Single Malt Komagatake 2021 Edition, Ki No Bi Go, Akashi Heavily Peated

Today we have a look at a few recent and upcoming releases in the world of Japanese spirits.

Single Malt Komagatake 2021 Edition

Announced just yesterday by Mars Whisky, the 2021 release of Single Malt Komagatake drops the “Limited” line because they’re shipping a whopping 50,000 bottles.

For comparison purposes, the 2020 Limited Edition was 15,000 bottles. That seems quaint compared to this! I double-checked with Mars because 50,000 is way many more bottles than we normally see from them. They confirmed the number is correct.

As with previous releases in the Single Malt Komagatake line, this one offers no age statement. However, the product page mentions that it is compliant with the new JSLMA Japanese Whisky requirements, so it has been matured at least three years.

The 2021 Edition is a vatting of “mostly” Bourbon barrel aged whisky and sherry cask aged whisky. Mars says we can expect a fruity nose and a sweet persimmon-like palate.

48% abv, 700ml, and 8360 yen after tax. There’s an online lottery happening over at Mars Whisky’s webstore, but given the volume of the release, you’re likely to see it on plenty of shelves too.

Single Malt Akashi Bourbon Barrel 3 Year Heavily Peated

In a rarity for the White Oak Distillery, they’re releasing a heavily peated whisky. This one is made with barley with a phenol level of 50ppm, so way beyond their standard malt with 0 to 10ppm.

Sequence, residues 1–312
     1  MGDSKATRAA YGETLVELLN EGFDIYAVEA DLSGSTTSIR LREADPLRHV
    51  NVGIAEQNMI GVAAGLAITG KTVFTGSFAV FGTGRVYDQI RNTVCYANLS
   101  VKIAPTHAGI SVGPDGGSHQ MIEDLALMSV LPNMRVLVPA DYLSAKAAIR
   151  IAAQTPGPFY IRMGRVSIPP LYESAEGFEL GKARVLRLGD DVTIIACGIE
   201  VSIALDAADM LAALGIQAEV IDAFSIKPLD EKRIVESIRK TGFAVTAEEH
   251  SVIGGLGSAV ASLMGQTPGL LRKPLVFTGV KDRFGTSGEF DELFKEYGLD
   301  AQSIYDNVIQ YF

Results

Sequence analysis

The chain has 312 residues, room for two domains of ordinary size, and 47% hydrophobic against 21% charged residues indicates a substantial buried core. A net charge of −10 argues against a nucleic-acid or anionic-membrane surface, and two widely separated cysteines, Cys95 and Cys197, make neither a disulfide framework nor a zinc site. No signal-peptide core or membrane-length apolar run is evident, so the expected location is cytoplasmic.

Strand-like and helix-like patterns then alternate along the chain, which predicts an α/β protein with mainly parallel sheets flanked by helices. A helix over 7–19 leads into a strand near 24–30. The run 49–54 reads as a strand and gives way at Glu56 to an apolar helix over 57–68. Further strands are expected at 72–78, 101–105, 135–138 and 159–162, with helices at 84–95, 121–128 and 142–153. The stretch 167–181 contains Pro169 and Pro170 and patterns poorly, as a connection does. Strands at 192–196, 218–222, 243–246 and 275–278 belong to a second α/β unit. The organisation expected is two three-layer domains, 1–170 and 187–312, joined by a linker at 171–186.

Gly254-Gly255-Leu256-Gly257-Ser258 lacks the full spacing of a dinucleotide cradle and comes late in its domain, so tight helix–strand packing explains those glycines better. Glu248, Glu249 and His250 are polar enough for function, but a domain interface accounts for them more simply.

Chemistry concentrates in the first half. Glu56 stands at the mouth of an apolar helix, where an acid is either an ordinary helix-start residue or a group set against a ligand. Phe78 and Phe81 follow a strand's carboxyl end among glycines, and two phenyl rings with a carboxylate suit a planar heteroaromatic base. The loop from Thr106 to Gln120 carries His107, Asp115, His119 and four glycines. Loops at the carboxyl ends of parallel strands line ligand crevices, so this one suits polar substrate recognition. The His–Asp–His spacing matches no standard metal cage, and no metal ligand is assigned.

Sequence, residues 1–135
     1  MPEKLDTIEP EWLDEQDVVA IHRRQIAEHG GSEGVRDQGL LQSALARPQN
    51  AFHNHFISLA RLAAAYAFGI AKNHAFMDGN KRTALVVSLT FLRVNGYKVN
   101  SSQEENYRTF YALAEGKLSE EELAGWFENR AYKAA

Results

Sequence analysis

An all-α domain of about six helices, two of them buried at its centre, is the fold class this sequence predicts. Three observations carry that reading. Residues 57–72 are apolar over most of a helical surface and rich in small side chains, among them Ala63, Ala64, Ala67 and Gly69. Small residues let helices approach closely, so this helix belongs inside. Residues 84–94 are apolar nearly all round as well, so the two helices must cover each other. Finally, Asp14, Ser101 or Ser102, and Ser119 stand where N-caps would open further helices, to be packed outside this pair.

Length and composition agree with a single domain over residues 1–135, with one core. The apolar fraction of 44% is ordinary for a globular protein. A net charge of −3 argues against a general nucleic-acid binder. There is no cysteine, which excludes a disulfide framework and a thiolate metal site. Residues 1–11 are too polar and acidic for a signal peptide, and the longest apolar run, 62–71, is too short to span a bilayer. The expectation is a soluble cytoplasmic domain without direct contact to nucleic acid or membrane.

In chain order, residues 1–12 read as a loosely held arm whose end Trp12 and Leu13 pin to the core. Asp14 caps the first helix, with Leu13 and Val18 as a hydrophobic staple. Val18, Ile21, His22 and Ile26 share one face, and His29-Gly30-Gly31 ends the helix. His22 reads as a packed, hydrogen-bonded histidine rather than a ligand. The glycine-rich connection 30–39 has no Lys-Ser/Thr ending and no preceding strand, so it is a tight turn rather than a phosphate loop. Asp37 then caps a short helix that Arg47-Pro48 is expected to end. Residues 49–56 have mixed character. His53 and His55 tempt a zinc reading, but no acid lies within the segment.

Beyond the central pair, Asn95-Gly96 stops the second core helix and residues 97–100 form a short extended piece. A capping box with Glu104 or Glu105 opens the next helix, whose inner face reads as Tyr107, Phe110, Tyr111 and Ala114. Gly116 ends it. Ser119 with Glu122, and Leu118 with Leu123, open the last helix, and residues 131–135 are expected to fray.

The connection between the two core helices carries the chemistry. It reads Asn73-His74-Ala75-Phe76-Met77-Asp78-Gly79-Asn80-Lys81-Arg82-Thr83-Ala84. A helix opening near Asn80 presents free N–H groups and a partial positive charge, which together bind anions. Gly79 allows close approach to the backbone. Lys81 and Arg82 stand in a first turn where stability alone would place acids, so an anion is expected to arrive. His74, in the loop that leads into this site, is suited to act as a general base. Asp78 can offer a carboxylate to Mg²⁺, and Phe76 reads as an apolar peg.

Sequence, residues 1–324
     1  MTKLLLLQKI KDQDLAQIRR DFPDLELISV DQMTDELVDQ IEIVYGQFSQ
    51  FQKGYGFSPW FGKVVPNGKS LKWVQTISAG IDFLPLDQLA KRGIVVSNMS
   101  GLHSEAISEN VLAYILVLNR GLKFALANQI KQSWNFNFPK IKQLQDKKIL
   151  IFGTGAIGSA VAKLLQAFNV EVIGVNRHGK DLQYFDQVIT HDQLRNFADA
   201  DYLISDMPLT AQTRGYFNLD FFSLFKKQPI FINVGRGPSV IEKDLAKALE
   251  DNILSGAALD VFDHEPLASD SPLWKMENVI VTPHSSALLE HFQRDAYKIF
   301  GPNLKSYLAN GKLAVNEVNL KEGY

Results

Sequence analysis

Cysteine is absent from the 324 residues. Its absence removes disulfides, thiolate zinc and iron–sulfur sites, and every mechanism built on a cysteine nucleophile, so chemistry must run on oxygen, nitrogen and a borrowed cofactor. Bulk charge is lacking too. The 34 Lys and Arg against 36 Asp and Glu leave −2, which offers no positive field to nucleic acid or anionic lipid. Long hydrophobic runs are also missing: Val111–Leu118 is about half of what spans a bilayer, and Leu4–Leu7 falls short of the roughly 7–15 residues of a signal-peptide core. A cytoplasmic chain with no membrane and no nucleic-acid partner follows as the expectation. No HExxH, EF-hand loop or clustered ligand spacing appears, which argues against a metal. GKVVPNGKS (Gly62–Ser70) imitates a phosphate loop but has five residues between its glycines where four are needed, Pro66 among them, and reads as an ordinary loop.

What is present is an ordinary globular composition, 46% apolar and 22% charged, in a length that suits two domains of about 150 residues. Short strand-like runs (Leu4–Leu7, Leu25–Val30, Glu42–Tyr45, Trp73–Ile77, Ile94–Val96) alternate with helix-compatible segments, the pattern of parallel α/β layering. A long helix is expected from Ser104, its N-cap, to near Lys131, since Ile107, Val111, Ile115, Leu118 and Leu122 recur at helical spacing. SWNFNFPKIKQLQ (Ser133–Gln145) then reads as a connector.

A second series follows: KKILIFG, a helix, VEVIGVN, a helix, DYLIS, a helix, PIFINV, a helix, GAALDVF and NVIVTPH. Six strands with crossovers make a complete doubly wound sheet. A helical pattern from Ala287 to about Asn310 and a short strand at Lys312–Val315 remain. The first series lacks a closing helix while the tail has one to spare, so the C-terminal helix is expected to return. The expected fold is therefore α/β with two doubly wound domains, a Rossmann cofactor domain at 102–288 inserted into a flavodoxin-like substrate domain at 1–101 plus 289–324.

After distillation, it spent three years in a first-fill Bourbon barrel. The company says the palate offers plenty of sweetness, which is followed up by a slightly salty finish.

50% abv, 500ml, and 6,600 yen after tax. While it was released on August 23, as of this writing it’s still in stock over at the White Oak Distillery’s online shop if you’re interested.

Ki No Bi GO

As the Kyoto Distillery prepares for their fifth anniversary, they are also getting ready to release a 50% abv commemorative edition of Ki No Bi Kyoto Dry Gin dubbed “Ki No Bi GO.” 五 (“go”) is Japanese for five.

In terms of the strength, 50% abv puts Ki No Bi GO about halfway between standard Ki No Bi gin (45.7% abv) and Ki No Bi Sei (54.5% abv).

But it’s not just your sobriety that will change. Ki No Bi GO also experimentally drops the hinoki botanical in favor of akamatsu, also known as Japanese red pine. The rice spirit base and all of the other Ki No Bi botanicals that we’ve come to know and love like ginger, sansho, yuzu, and Uji green tea remain where they are.

50% abv, 700mk, and it appears the retail on this is 6,600 yen after tax. No official announcement from the Kyoto Distillery yet, but since Ki No Bi GO is set to drop on September 23, we should see one soon.

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